November 1st, 2015

Audits rule affects requested records

As the Affordable Care Act continues to unfold, a new regulation that requires that insurance companies conduct risk adjustment data validation audits on providers has caused some debate about how best to respond to requests for patient records.

The audits, also known as RADV audits, were designed to ensure that insurance companies remain competitive regarding the relative health of their served populations. Risk adjustment funds are distributed as a way to support companies that serve less healthy clientele.

The audit regulation should, in theory, apply only to insurance companies and providers working with plans sold through health insurance exchanges. Some providers, however, are seeing audits for private insurance as well, ostensibly to compare care provided through exchanges to that of commercial plans.

The result of the audits, while not directly affecting providers, will direct the flow of millions of dollars of federal funding for insurance plans. These “spot checks” will be done annually as a way to level the playing field.

The issue, according to Alan Nessman, J.D., senior special counsel, Legal and Regulatory Affairs for the American Psychological Association Practice Organization, is when records requested contain sensitive information.

For psychologists who record sensitive personal information along with clinical diagnoses, a request for a patient’s “full chart” can lead to privacy concerns, especially under the Health Insurance Portability and Accountability Act. The request violates, say some psychologists, the “minimum information necessary” rules of the privacy act.

“The main concern is with psychologists who keep all of their notes in one chart, comingling detailed information and impressions from therapy with the basic clinical information, such as diagnosis and treatment plans. We call this a combined record,” said Nessman.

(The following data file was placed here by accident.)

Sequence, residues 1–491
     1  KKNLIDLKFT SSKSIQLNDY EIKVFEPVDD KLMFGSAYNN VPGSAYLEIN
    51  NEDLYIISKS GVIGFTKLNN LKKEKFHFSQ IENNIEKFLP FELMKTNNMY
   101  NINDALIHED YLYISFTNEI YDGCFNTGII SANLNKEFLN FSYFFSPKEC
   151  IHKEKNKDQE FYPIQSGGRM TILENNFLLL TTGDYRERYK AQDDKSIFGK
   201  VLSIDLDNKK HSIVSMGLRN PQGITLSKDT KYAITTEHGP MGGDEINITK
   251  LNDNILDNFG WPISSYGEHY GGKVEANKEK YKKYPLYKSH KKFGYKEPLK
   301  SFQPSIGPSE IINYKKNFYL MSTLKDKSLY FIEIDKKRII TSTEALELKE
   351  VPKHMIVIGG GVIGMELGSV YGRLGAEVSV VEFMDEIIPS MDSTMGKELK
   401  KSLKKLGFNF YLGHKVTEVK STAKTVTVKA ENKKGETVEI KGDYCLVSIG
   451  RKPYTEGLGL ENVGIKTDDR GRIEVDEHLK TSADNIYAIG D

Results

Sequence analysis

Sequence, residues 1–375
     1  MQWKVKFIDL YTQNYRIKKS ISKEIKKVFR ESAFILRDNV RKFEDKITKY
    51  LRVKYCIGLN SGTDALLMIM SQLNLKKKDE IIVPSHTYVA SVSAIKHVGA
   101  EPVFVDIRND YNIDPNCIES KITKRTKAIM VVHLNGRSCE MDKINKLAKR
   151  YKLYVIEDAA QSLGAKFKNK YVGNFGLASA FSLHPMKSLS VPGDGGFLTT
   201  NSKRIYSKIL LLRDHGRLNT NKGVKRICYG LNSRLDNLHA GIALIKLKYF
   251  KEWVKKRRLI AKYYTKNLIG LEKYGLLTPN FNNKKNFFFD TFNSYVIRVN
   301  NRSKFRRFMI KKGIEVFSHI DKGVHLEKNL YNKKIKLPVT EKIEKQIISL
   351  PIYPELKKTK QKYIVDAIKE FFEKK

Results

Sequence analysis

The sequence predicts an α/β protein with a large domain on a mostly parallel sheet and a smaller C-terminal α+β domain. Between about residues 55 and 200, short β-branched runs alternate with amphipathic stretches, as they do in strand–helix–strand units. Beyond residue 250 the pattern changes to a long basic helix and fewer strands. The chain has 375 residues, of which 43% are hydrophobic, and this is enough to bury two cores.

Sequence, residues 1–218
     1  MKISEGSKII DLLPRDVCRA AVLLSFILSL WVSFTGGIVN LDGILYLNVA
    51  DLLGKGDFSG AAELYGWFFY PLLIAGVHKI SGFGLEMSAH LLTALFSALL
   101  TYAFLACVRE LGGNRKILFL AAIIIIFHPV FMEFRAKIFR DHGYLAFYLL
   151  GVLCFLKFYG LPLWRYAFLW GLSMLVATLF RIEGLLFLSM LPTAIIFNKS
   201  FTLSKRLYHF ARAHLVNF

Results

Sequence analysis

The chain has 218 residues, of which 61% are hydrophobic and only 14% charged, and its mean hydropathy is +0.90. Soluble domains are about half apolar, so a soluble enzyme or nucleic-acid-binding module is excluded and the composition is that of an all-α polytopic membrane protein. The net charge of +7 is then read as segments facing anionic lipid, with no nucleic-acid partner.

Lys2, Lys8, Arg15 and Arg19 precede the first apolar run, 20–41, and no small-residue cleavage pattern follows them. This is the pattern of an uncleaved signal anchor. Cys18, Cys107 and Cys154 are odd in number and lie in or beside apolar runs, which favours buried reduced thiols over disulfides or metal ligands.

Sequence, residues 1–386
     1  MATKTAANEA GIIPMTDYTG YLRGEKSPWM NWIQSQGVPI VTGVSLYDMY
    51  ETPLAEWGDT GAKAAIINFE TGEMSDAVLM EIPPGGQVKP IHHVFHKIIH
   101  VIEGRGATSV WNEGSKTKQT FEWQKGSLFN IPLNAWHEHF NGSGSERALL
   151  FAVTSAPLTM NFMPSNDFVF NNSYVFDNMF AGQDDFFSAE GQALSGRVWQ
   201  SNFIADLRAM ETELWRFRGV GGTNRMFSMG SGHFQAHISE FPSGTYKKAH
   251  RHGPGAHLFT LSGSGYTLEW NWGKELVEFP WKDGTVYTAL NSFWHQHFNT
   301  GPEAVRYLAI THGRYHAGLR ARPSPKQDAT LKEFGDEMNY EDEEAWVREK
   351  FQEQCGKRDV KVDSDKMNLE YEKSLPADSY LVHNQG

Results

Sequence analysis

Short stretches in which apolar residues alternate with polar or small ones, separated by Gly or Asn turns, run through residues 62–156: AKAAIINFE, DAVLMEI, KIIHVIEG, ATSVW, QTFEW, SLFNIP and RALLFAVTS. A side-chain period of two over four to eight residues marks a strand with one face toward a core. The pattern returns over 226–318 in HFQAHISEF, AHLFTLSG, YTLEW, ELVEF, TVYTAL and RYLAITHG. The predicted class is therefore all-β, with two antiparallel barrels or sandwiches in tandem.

“Since this information is not separated, psychologists cannot withhold from insurance companies information that would otherwise be protected from insurers in psychotherapy notes.”

The combined notes could also, in many cases, give insurance companies a burdensome amount of paperwork.

“These Risk Adjustment Audits focus on very narrow issues about the patient’s health status, so if a psychologist is producing 30-pages of detailed therapy notes, that is arguably providing more than the minimum necessary information that the auditor needs,” he said.

The APAPO has contacted several insurance companies to ask that they allow psychologists to extract clinical information from combined records. At this point, the organization was successful in working with Anthem and with Blue Cross and Blue Shield of Minnesota.

“We have asked our members to let us know if other companies will not accept this approach,” said Nessman. “We have not heard of any companies objecting to this.”

As the November deadline for audits approached, the APAPO experts were cautiously waiting to see how many psychologists would be affected. In the meantime, they recommend that psychologists think about altering their record-keeping in order to simplify the process if/when they do receive an audit request.

“Psychologists might consider options such as keeping a combined record but with very limited detail, keeping separate psychotherapy notes as a matter of practice, or keeping separate psychotherapy notes for only certain patients or certain sessions where there is a need for detailed records,” said Nessman.

By Catherine Robertson Souter

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